Seydoux’s Emma exudes confidence. While Adele dithers about her sexuality when confronted by high school friends and tells her parents Emma is a philosophy tutor, Emma parades Adele around to her artist friends and her sophisticated family. When she introduces Adele to her parents, Emma’s stepfather serves oysters—something the otherwise always-ravenous Adele is averse to. Emma brushes past this, seizing the opportunity to “initiate her.” She tells Adele to douse the oyster meat with lemon juice. “And usually, if it’s really good and fresh, it moves.” Adele cringes at first but starts enthusiastically sucking down the bivalves; the metaphor at work here isn’t terribly subtle.

Emma ushers Adele into a new world. She’s a devastating first love, in many ways. And while Exarchopoulos, Seydoux, and Kechiche succeed in depicting this, we needn’t suffer the endless close-ups of Adele looking listless when the inevitable split comes about. The world around her is literally fuzzed out. As Adele longs for Emma, we long for a full shot—and some more action.

While Kechiche establishes a basis for a richer movie, he squanders the plot’s potential. Adele waffles about her sexuality; it’s acknowledged but never examined. Her father, midway through the movie, tells Emma (unaware that she’s his daughter’s girlfriend) that she should marry a wealthy man to support her painting “hobby,” then asks her what her boyfriend does; we never hear from Adele’s parents after this scene. When Adele and Emma first get together, Emma has a girlfriend; the other woman vanishes from the film. Threads have been woven into Blue’s story to add texture, and when they’re suddenly severed, it’s noticeable.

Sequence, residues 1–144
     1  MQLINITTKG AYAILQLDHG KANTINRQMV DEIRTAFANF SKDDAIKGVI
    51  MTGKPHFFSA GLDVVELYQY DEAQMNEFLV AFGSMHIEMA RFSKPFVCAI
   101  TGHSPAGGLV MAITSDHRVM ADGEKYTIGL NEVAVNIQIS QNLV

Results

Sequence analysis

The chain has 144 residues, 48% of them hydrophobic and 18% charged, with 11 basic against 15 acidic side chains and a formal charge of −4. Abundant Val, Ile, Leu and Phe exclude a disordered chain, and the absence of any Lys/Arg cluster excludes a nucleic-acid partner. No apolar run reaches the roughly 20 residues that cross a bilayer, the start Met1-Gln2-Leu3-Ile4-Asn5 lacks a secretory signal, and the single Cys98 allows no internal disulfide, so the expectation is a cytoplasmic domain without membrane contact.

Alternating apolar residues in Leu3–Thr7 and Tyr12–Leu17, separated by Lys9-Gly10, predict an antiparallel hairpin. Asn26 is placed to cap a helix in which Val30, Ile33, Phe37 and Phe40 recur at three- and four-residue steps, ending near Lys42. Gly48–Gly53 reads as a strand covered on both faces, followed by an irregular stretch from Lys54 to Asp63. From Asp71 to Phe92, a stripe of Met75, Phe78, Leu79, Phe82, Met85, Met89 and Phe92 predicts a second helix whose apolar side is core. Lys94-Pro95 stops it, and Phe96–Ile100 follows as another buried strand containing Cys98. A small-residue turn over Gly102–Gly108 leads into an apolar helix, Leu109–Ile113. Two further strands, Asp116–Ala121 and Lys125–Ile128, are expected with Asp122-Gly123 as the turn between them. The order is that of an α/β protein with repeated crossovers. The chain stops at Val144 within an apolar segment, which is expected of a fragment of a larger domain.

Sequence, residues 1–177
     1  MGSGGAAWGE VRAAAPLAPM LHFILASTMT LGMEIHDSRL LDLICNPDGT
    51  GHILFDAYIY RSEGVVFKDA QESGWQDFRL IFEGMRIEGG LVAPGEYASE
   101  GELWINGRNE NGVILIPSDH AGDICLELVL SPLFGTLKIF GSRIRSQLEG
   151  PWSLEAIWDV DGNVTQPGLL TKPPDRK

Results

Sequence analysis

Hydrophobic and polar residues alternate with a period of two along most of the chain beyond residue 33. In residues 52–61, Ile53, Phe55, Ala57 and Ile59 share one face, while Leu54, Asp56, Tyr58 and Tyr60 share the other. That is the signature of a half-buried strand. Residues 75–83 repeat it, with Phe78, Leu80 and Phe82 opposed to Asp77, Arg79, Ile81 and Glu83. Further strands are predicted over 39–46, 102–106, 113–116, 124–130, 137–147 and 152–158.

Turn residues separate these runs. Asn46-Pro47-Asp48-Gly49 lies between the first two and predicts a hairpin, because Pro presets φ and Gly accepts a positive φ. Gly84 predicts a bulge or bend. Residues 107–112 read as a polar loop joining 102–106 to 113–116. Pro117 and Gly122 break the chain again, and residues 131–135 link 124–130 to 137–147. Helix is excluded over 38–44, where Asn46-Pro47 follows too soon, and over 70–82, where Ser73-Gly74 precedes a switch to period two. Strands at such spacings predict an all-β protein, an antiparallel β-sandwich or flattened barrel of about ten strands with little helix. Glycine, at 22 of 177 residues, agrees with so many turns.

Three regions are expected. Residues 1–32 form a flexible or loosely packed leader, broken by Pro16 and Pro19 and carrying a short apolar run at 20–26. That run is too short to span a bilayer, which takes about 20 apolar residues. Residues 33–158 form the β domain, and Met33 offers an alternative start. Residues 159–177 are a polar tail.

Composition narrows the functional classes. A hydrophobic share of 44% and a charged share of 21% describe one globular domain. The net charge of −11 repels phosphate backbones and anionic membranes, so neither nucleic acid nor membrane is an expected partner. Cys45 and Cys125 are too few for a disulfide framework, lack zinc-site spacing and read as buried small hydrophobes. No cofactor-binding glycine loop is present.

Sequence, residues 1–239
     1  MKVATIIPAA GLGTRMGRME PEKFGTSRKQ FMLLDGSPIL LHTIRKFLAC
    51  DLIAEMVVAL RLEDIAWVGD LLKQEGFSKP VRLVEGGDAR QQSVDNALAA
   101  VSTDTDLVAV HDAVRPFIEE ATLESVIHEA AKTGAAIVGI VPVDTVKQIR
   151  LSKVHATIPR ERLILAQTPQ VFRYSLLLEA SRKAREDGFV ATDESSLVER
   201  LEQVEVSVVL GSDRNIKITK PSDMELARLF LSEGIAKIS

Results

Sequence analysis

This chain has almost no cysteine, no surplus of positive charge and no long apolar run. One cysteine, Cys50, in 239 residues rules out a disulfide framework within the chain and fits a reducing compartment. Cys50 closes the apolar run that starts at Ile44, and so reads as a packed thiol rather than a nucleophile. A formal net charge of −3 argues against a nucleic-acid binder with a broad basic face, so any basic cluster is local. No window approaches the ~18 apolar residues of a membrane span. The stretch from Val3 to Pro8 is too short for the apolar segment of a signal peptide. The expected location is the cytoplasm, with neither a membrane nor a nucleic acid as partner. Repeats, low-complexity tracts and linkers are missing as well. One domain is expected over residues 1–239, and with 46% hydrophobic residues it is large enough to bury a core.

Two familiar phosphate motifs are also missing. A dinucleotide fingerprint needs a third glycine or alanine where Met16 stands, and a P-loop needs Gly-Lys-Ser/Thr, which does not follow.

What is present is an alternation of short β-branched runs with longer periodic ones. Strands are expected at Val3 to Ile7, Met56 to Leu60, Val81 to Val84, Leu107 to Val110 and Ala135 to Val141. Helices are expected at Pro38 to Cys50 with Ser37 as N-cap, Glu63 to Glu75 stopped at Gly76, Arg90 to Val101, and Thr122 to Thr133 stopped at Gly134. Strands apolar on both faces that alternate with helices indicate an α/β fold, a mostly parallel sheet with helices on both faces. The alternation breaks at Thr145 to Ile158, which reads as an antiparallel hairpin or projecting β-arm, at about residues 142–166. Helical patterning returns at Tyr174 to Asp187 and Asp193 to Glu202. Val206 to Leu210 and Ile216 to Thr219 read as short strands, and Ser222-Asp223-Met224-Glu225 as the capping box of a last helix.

The rapid passage of time (with no indication other than Emma’s evolving hairstyle) is disorienting at first, and it muddles our ability to truly get a sense of Adele and Emma’s relationship. When Emma nudges Adele to aspire to more than teaching children, it’s unclear if Adele is still in school or if she has a degree—to assess whether she’s being encouraging to a student girlfriend or pushy toward her longtime lover.

And it seems as if Adele doesn’t mature, not just because her pouting lips and chubby cheeks bear no signs of age, but because she fails to get a handle on her identity over several years. She’s content to live in Emma’s glow but uneasy about her sexuality in front of her own social circle. She gains no confidence.

One mark of a good relationship is spurring one’s partner to grow, to be better. Ultimately, Adele remains stagnant, even while she’s transfixed by Emma. When she finally does assert herself, she bases her actions on sex, in turn making the relationship—and the film—very much about sex. And just as it’s not worth it to waste years on a one-dimensional relationship, it’s not worth it to waste three hours on a one-note movie.